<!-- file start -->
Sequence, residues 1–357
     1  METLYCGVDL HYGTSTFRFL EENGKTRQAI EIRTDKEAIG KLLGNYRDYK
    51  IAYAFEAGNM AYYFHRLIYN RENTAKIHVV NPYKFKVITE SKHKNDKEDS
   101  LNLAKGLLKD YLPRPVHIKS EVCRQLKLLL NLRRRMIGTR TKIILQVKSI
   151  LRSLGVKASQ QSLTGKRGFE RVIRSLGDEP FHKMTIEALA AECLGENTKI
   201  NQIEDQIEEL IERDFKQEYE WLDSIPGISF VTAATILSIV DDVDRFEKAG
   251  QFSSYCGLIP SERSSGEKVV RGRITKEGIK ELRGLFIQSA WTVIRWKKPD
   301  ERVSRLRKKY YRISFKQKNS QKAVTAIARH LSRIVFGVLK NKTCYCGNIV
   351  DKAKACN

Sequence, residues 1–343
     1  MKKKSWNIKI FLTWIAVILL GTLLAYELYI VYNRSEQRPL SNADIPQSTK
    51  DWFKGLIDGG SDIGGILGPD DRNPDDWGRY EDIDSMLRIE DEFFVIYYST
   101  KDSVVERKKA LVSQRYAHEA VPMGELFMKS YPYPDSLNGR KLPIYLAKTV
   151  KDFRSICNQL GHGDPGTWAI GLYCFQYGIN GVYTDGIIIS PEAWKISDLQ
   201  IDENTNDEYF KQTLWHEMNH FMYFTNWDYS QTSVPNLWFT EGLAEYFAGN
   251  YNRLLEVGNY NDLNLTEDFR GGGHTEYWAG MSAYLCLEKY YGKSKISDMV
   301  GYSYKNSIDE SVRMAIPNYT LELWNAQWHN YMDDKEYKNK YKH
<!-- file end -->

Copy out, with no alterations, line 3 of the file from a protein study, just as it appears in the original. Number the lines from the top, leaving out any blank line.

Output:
    51  IAYAFEAGNM AYYFHRLIYN RENTAKIHVV NPYKFKVITE SKHKNDKEDS